I must talk about magnesium in some way or another most days. Quite often, it is to explain that magnesium is actually far more important to us than calcium when people are worrying about their calcium levels and taking shed-loads of it, but that is a whole other blog post! (See here, for example).
So, I was pleased to see this great summary about our need for magnesium and the newly-coined phrase, the ‘magnesome’ which really reflects how magnesium binds to proteins and affects our genetic expressions in the body.
As the article points out, as a result of relatively recent findings:
a deficiency of magnesium may profoundly affect a far wider range of biological structures than previously understood.
When I trained with the fabulous biochemist Lawrence Plaskett, he was always at great pains to make us think about the magnesium status of patients and indeed much of my protocol advice is still based around getting the magnesium level high enough. I spend a lot of time explaining why I want the magnesium generally to be twice as high as calcium in the prescription, which is totally the opposite to most products and other approaches.
Indeed, quite recently, I have been able to start testing the red cell level of magnesium and I am finding most results are low, which rather proves his point.
In this piece, Green Med Info have chosen their seven top magnesium-related conditions from their massive database of research studies. Make sure you read the whole article for more on each of them and for the research links, but here are the top 7 for you:
- Atrial Fibrillation
- Diabetes, Type 2
- Premenstrual Syndrome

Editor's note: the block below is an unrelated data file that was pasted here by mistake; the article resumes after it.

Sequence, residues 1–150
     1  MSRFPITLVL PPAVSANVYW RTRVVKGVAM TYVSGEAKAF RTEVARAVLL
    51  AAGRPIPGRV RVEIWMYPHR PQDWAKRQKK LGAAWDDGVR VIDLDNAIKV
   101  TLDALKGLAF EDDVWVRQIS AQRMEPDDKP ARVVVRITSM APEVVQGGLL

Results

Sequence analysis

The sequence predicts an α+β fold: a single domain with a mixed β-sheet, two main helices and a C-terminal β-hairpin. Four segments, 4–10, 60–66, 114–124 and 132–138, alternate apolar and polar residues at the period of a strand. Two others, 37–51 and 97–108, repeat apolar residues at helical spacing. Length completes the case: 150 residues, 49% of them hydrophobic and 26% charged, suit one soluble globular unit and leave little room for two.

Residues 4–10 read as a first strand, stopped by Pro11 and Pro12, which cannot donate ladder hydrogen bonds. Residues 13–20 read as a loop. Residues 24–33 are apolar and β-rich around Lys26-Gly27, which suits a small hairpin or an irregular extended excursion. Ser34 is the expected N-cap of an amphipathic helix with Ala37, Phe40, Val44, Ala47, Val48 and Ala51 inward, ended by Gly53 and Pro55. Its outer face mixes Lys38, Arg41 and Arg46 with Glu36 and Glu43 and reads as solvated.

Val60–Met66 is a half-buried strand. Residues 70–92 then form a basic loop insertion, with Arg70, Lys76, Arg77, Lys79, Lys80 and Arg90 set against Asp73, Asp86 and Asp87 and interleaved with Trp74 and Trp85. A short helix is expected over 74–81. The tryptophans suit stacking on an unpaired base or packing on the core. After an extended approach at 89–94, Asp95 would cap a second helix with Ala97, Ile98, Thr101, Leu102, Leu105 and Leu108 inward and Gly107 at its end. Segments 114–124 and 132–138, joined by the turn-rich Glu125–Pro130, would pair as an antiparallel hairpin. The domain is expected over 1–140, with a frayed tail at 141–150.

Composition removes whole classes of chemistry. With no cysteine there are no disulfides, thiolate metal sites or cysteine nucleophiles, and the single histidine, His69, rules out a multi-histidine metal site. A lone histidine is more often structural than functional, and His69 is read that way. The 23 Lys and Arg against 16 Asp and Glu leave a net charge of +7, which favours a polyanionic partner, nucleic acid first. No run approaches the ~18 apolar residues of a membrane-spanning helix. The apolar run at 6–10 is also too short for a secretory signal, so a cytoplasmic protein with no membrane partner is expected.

- Cardiovascular Disease and Mortality
- Migraine Disorders
You can read the studies for each area that has brought them to this conclusion. I can attest to the importance of magnesium in pretty much all of those clinically and, personally, with migraine and PMS certainly. I wrote about migraine here, fibromyalgia here and, PMS here.
They also include some useful info on which foods give good magnesium sources and the best supplemental types to go for. Here are the top 10 foods for you, although my resources show a slightly different list with kelp, almonds and cashews quite high too:
- Rice bran, crude (781 mg)
- Seaweed, agar, dried (770 mg)
- Chives, freeze-dried (640 mg)
- Spice, coriander leaf, dried (694 mg)
- Seeds, pumpkin, dried (535 mg)
- Cocoa, dry powder, unsweetened (499 mg)
- Spices, basil, dried (422 mg)
- Seeds, flaxseed (392 mg)
- Spices, cumin seed (366 mg)
- Nuts, brazilnuts, dried (376 mg)
Nice to see our old friend flaxseed in there and I was pleased to see cocoa powder; now there’s an excuse! Just imagine a smoothie or granola breakfast mix you make with flax, brazils, cashews, almonds and pumpkin seeds – a good magnesium booster for you right there.
With regard to supplements, they advise magnesium oxide or citrate for those with a slow gut as that type of magnesium has a gentle laxative effect for most. I like this one generally as my favourite since most people seem to need a bit of extra gut help now and then and this seems to work very gently rather than simple citrates. Don’t forget how flaxseeds help keep you going too.
For non-constipated types, they recommend glycinate like this, although I have to say I have found the above Citrizorb suitable for almost everyone, slow gut or not. I also find the magnesium oil spray works well especially for those who are not absorbing well and for those with pain or restless legs as you can spray it right on the hurty bit.
For more, check out the post I wrote on the Importance of Magnesium here, which itself will take you to a really good video explaining a lot of these links to magnesium.
So, trust me when I say your magnesium level is far more important to you than your calcium one. Honest.